August 2015: Stereotypes

Dissecting the Stereotypes

When Mulan sang the immortal words, “Why is my reflection someone I don’t know?” way back in 1998 it resonated with a lot of people, myself included. I was six, but I was already acutely aware that the skin I was living in didn’t fit me very well.


In the seventeen years since then I have been working on making my outside reflect my inside. Now, at 23 and with a relatively clear idea of my physical identity, I have settled a little in my style of dress and other physical choices, and accepted the things that I cannot change (for the most part).

However, my personal style doesn’t really mesh well with a fairly corporate workplace. I look like an almost entirely different human at work, so anyone looking to pigeonhole me is faced with a bit of a pickle. I thought it would be interesting to look at Work Elena and Play Elena side by side, to see if there really is any value in assessing someone by their appearance. Opinions are all paraphrased from actual feedback received from other humans (friends, colleagues and more brutal family members).

Hair

Work Elena has mid-auburn hair with plenty of volume, long layers and a choppy fringe. It’s a cute, near-Deschanel style that makes her look fun, approachable, down-to-Earth and sweet.

Play Elena has shoulder length hair in a colour that can only be described as “swamp monster” after a botched dye attempt which is slowly being rectified. It’s naturally sort of kinky, which mixed with the blue/black/green colour makes it look a bit like Home Elena has dumped seaweed on her head. This look makes her look lazy, maybe a bit unapproachable. In films, unnaturally coloured hair usually means a girl is a bit flaky and weird, and perhaps mentally unstable, so she’s probably all of those things.

Face

Work Elena is a “no makeup makeup” sort of a girl; a touch of concealer as needed, perhaps, a tinted lip balm here or there, and certainly a swipe of mascara but not a lot more. It’s a girl-next-door sort of look for a low-maintenance, happy-go-lucky sort of a gal.

Play will wear a full face of makeup with cat-eye liquid liner and contouring Maleficent would be proud of. It makes her seem a little vain, and overly preoccupied with her appearance. Sometimes she wears lipstick which is almost a bit goth and this makes her look aggressive.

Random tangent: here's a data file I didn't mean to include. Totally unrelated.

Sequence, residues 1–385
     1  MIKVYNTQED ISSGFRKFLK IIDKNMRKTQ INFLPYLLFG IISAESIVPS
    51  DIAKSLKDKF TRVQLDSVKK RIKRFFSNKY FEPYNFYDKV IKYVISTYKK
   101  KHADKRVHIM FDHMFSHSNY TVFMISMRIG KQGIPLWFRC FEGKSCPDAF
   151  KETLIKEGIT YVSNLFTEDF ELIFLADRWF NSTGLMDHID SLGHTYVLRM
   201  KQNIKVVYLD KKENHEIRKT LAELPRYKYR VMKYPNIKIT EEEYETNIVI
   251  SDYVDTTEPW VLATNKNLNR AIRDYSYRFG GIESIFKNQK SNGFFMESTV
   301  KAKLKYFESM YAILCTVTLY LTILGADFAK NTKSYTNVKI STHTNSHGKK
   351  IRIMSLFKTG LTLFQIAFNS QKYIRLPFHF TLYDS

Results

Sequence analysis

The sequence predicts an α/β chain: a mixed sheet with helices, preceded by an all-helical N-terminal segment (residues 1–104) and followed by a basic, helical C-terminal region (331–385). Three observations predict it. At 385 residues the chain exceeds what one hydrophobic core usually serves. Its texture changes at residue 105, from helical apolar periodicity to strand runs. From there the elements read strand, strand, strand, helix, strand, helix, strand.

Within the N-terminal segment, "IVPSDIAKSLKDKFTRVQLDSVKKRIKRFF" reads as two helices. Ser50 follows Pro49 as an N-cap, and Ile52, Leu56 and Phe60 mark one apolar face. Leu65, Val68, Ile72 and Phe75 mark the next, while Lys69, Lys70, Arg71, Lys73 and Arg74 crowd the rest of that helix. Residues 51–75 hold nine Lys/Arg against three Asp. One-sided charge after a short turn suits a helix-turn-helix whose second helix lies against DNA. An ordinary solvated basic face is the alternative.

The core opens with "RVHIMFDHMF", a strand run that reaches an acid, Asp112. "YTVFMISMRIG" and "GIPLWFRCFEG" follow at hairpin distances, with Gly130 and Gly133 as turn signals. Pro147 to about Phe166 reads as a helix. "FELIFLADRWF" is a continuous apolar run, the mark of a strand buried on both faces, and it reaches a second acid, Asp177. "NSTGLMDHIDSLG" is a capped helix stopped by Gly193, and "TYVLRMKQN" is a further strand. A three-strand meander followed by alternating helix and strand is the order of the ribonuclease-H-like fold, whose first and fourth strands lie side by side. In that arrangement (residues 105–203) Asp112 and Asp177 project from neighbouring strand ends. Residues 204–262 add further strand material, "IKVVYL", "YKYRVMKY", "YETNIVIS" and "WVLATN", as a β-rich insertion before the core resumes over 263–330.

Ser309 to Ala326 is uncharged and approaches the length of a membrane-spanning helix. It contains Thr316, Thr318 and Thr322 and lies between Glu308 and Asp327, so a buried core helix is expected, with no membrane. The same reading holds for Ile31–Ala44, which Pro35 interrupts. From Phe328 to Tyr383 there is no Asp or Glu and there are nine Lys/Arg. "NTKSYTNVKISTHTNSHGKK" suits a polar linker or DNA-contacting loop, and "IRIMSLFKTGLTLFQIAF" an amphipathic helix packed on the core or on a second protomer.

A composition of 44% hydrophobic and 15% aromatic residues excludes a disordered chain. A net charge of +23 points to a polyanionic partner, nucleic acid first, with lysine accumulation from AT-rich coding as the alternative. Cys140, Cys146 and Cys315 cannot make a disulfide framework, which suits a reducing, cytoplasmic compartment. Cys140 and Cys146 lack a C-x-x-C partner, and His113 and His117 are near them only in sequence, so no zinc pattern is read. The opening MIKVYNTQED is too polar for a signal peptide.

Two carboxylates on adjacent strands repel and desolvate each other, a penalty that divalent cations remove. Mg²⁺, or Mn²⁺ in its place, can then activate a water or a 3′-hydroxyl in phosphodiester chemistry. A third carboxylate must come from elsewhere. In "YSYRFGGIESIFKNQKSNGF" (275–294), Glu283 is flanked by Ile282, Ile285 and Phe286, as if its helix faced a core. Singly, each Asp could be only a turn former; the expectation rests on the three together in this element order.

Body

Work Elena wears sensible bras, sensible black tights and sensible “flattering” clothing. Her size 16 hourglass figure is complimented by her choice of ladylike day dresses and demure separates in monochrome or jewel tones. She is clearly the kind of bubbly chubster who knows the rules: hide your flab where possible and emphasise your smallest parts so as not to offend or appal anyone. She probably likes drinking rosé.

Play Elena has rather a different view. Play Elena wears things that girls with thick thighs, bellies and meaty calf muscles shouldn’t wear, like backless dresses, denim shorts and skinny jeans, usually in black or grey like she doesn’t know how to enjoy life. Sometimes she even leaves the house without a bra to restrain her double Ds, which don’t count because fat girl boobs are cheating. Clearly this is a girl who doesn’t care what she looks like, or what people think of her. Also, she’s probably a slut who drinks beer to look cool. She can probably be found in mosh pits, getting sweaty to metal music. She’s feminine but in a sort of spiky, grungy way.

Verdict:

Speaking as neither “Work Elena” nor “Play Elena” but as, simply, “Elena”, I don’t think that many of the above opinions are on the money. I like plinky-plonky acoustic music and sewing. I’m a sporadically insecure, bipolar, bisexual, ukuele-playing, plus-sized girl who likes bunny rabbits, aquariums and reading. I’m not especially unapproachable, as work Elena’s perfect hair and subtle makeup imply (the auburn is a wig, by the way) but neither am I an aloof, standoffish sort of person. Similarly, I was mentally unstable before my hair was blue, and I will likely continue to be until I’m grey. My choice of hairstyle has no bearing on my mental health, and vice versa. My choice of clothing, regardless of the setting, is comfortable for a body that changes shape when I’m sat down. For work this means dresses or jersey pencil skirts and at home that means shorts or really good jeans.

“Never judge a book by its cover” is actually pretty terrible advice if what you’re judging is actually a book. “Never judge a brain by its body” is probably a far better guideline.

– Elena

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